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Computing

Subject Leader:

A team of teachers with particular responsibility for computing.

Intention:

Computing at Hillingdon Primary School is valued as a discrete subject that we often link to other subjects to create a context and purpose when learning.   It is taught in unit blocks and with the following intention:

  • To provide a broad, balanced, challenging and enjoyable curriculum for all pupils.
  • To develop pupil’s computational thinking skills that will benefit them throughout their lives.
  • To meet the requirements of the national curriculum programmes of study for computing at Key Stage 1 and 2 (see below).
  • To respond to new developments in technology .
  • To equip pupils with the confidence and skills to use digital tools and technologies throughout their lives.
  • To enhance and enrich learning in other areas of the curriculum using information technology and computing.
  • To develop the understanding of how to use computers and digital tools safely and responsibly.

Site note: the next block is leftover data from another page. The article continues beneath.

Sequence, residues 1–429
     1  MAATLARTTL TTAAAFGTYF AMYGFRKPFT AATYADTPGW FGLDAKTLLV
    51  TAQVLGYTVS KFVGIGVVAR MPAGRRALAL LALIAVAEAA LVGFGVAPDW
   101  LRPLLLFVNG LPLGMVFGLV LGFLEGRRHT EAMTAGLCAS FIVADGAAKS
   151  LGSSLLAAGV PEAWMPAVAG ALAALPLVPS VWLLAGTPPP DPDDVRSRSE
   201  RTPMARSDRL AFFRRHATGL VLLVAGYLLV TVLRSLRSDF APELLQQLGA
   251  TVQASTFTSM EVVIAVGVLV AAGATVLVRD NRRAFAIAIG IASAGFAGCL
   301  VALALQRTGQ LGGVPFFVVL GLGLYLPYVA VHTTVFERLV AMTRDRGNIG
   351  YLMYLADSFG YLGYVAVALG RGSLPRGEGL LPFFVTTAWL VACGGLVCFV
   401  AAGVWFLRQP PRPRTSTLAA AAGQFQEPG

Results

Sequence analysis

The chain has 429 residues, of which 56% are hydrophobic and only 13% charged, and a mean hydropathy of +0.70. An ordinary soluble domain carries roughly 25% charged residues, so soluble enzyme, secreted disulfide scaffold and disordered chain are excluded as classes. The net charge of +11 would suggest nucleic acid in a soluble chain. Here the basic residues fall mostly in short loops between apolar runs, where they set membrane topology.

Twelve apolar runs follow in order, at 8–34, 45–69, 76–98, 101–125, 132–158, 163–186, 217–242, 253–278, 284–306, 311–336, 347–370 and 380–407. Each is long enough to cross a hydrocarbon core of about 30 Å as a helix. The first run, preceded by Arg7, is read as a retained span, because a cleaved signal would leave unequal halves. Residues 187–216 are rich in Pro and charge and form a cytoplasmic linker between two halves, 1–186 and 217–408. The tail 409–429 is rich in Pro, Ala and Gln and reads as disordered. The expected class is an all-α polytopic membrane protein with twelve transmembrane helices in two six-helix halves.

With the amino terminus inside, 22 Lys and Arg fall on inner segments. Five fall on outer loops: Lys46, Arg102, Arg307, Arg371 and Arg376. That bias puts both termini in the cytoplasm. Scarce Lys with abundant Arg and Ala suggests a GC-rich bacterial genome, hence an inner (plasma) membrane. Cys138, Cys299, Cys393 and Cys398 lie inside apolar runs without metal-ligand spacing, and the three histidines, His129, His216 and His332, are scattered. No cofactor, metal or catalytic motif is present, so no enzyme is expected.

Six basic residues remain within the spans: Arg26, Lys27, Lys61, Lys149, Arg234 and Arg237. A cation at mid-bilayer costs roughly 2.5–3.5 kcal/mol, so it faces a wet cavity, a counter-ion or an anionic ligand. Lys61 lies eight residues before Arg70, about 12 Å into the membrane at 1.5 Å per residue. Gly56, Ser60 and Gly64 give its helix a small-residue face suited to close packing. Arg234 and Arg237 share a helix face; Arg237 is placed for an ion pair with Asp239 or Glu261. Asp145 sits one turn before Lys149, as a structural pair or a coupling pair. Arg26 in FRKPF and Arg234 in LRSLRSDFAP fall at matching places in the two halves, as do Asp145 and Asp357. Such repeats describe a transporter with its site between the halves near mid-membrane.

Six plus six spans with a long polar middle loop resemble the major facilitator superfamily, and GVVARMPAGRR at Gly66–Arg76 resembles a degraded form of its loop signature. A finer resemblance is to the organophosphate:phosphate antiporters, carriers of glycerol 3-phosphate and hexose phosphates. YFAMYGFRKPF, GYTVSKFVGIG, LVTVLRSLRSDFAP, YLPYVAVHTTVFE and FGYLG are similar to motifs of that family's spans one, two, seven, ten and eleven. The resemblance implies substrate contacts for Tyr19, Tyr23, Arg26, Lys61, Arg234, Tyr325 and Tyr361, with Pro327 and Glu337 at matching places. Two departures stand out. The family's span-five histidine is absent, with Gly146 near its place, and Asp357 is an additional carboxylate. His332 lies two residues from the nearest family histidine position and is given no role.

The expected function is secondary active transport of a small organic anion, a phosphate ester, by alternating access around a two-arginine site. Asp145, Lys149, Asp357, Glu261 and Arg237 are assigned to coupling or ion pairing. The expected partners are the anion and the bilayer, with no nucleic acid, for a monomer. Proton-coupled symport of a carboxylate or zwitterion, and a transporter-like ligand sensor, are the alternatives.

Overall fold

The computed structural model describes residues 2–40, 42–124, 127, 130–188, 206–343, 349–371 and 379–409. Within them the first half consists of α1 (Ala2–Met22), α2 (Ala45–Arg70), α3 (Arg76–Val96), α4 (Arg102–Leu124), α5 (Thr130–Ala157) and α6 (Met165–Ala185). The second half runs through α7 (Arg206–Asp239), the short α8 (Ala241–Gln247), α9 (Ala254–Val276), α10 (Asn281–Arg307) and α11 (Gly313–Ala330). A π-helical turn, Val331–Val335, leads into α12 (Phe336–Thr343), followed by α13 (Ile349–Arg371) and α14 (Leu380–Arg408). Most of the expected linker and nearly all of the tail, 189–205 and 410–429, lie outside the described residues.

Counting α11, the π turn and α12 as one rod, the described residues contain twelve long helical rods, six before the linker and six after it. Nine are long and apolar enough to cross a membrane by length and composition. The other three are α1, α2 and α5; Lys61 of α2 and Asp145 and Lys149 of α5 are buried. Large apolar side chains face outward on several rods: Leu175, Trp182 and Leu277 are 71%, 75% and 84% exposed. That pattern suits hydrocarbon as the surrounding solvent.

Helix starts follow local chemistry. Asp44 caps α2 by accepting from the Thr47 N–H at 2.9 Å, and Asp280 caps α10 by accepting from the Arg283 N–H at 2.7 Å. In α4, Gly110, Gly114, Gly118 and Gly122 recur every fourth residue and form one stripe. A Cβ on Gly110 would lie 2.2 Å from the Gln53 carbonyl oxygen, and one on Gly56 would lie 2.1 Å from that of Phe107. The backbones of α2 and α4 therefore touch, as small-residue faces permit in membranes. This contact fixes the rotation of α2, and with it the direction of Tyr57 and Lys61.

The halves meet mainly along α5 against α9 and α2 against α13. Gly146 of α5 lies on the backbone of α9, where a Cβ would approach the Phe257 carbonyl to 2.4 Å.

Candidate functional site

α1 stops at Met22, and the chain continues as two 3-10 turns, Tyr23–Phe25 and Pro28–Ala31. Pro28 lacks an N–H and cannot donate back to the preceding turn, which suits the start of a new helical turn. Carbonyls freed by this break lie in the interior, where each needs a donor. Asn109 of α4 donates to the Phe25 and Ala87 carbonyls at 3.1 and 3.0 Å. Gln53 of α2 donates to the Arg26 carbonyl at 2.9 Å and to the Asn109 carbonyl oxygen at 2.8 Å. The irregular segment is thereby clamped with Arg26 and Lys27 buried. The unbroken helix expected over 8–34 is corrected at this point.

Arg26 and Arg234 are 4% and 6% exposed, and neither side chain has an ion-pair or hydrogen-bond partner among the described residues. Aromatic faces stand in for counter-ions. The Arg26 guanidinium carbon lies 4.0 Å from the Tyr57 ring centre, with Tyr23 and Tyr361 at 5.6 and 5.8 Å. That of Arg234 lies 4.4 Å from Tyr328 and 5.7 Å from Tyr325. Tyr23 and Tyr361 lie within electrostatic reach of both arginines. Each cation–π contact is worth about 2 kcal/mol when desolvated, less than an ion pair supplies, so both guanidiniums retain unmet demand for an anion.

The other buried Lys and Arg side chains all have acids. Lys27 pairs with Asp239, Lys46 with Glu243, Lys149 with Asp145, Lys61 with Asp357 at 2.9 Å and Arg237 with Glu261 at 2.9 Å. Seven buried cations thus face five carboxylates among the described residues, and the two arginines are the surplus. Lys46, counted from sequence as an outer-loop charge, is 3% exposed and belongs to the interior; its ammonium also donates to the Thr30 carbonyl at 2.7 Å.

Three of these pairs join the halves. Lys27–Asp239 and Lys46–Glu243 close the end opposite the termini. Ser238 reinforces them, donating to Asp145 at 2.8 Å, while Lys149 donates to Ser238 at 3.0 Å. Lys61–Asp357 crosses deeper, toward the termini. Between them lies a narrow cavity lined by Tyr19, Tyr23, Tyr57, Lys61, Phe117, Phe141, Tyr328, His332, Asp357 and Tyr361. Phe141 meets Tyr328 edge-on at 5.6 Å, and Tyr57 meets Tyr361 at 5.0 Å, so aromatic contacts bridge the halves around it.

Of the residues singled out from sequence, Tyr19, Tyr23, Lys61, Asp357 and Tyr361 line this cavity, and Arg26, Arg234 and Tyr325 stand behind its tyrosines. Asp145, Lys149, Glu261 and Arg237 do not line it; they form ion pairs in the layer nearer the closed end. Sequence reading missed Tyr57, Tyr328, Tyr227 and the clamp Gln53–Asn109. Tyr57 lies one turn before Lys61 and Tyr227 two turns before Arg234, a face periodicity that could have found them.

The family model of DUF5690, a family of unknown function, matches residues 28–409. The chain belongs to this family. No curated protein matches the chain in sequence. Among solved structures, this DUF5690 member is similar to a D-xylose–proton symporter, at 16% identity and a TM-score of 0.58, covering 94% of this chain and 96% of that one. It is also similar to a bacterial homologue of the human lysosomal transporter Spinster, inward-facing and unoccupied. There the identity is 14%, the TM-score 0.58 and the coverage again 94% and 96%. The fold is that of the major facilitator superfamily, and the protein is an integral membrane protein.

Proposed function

In addition, information technology, computer science and digital literacy are used to enhance pupils’ learning in other subjects. We recognise that they have particular links with mathematics, science and design technology and we build on these links when appropriate, providing access to a rich and varied source of information and content.

We recognise how technology supports study skills through quick and efficient access to large amounts of information in a variety of formats. How it can motivate and enthuse pupils and offers opportunities for communication and collaboration through groups working both inside and outside of school. How it has the flexibility to meet the individual needs and abilities of each pupil.